One simple reason: Rental Arbitrage
Why does it seem like every other person you talk to knows of someone who listing or will be listing on Airbnb? The answer is simply due rental arbitrage.
What is Rental Arbitrage?
When the revenue potential of something is significantly more than the cost to acquire it, you have opportunity. Let’s say have a nice studio apartment in downtown LA that costs you $1350 a month. It’s in a prime location with ideal amenities. You then find out that one of your neighbors is listing her own studio on Airbnb and is averaging $150 a night.
You do some simple math and realize that if you could rent out your unit for about 9 days of the month, you’d pay for your rent. What if you could rent out the unit for 27 days a month? That means the rental potential of the unit on Airbnb is about 3X the cost of leasing the unit month to month!
When your achievable daily rental rate is clearly greater than your actual daily rental cost, you have rental arbitrage.
Why Does It Exist?
Simple. There are always folks needing short term lodging and hotels are expensive. These folks want something more economical and Airbnb is the answer. It allows anyone to capitalize on their available space by listing the unit at a daily rate that is substantially higher than their daily cost of the unit, but still less than what someone would pay for a comparable hotel room. Win-Win. Unless you’re in the hotel business.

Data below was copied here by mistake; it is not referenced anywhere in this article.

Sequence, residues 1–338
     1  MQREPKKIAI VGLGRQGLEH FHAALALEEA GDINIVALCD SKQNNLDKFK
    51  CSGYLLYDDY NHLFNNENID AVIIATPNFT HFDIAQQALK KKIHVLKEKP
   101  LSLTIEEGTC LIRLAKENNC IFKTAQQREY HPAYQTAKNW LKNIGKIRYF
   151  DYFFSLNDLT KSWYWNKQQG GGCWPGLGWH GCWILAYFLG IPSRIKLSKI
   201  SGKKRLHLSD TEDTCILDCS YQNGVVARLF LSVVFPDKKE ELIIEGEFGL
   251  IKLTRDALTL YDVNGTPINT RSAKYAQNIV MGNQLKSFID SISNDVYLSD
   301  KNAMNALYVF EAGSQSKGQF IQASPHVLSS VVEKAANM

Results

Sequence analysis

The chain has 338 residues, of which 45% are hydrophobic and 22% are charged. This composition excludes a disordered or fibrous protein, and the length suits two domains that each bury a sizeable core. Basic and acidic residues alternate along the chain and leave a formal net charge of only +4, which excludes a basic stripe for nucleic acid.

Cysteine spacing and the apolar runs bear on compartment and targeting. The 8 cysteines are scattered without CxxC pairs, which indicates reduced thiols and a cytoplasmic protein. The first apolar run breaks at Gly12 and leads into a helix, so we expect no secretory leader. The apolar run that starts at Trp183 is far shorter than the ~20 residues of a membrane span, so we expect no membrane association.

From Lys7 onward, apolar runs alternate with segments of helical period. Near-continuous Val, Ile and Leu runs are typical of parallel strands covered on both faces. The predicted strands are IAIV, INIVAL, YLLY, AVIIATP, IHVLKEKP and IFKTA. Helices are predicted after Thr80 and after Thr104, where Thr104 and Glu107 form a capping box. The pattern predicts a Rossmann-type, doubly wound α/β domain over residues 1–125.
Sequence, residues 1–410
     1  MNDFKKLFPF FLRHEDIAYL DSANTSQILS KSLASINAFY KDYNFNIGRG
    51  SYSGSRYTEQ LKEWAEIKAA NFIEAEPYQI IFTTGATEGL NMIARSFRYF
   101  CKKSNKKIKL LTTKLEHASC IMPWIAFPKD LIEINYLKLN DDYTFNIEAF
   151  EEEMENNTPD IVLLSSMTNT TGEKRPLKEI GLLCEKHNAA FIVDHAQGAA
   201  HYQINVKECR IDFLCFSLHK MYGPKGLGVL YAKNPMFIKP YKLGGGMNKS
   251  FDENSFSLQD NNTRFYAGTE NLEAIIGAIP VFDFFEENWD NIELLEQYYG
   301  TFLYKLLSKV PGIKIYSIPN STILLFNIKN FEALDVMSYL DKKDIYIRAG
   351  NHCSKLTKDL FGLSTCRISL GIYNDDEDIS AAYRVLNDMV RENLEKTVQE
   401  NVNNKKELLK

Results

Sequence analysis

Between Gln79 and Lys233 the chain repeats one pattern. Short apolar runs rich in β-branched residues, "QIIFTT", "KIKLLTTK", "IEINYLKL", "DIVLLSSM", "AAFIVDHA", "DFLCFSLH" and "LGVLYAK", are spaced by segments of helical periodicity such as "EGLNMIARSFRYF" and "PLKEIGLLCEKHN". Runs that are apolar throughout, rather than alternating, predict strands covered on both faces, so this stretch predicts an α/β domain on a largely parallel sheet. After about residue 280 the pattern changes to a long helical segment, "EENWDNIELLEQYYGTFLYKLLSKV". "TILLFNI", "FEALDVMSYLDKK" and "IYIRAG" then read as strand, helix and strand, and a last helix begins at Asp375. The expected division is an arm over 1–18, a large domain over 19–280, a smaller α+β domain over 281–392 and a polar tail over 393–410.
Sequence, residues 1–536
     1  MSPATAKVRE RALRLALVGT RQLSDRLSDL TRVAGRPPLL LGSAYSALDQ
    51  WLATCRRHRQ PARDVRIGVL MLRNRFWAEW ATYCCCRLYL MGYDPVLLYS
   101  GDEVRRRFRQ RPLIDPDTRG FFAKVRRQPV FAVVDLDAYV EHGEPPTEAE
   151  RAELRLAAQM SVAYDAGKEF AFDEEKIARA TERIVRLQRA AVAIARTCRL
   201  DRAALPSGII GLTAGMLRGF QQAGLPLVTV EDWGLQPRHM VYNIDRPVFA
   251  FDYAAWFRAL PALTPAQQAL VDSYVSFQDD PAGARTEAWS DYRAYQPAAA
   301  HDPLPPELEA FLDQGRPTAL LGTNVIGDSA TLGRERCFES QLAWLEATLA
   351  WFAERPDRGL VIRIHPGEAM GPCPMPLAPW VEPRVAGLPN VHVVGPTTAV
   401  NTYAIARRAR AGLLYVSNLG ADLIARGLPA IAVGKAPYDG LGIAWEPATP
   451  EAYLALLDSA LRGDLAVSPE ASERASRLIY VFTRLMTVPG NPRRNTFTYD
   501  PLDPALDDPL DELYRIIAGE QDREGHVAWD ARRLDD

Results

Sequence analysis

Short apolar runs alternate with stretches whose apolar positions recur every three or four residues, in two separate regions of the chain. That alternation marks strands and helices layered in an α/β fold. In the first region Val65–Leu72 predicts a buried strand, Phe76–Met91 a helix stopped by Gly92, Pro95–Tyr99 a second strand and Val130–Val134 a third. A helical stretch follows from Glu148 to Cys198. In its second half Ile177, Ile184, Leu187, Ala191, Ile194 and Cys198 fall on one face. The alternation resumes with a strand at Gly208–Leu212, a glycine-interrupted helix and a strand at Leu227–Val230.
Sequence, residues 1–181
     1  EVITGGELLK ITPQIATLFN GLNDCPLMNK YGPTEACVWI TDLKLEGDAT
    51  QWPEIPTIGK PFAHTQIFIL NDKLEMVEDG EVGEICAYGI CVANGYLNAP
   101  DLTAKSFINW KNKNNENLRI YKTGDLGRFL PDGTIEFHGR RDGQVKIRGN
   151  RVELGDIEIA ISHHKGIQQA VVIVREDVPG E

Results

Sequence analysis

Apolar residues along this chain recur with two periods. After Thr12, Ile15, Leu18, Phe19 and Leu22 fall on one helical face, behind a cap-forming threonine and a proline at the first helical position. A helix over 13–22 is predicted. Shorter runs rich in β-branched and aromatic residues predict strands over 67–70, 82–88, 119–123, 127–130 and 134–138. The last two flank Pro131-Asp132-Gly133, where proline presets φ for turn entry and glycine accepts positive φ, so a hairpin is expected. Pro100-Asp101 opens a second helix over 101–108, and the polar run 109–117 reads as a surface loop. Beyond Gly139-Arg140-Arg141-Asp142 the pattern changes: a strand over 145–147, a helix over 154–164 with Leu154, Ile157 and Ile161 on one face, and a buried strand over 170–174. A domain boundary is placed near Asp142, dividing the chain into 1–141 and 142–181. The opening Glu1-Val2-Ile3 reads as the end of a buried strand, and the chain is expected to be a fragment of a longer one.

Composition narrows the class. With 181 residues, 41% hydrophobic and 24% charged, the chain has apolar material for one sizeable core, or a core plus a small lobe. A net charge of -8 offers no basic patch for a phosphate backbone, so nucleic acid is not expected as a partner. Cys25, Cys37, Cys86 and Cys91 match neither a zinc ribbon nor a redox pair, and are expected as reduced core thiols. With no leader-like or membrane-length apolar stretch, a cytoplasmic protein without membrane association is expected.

How Much Arbitrage is Good Enough?
This will largely depend on your goals but here is one way for you to gauge.
- Get an average Airbnb daily rate for weekdays and weekends of SIMILAR units in your area
- Get the weighted average Airbnb rate:
Weighted Avg Airbnb Rate = (Weekday Rate * 5 + Weekend Rate * 2) / 7
- Example: $50 weekday rate and $100 weekend rate will become ($50 * 5 + $100 * 2) / 7 = $64
- Take your monthly lease rate and divide it by 30 (e.g. $1500/30 = $50. This is your daily rental cost.
- Now divide the weighted avg Airbnb rate by your daily rental cost (e.g. $64/$50 = 1.3
So what does this number mean? Well, if it’s a 1, it means you have to rent it out the entire month just to cover the cost of your rent, before any fees are taken out.
If you’re renting out your own space, then you don’t have a choice but at least it’ll give you a sense of how worthwhile it would be.
If you’re looking at a dedicated unit, then you want to find a place where the ratio is 2.0 or more. In urban areas, this ratio will often be 2.5 or higher.
The higher the ratio, the fewer days you need to host to cover your rent and the more days available to make profits.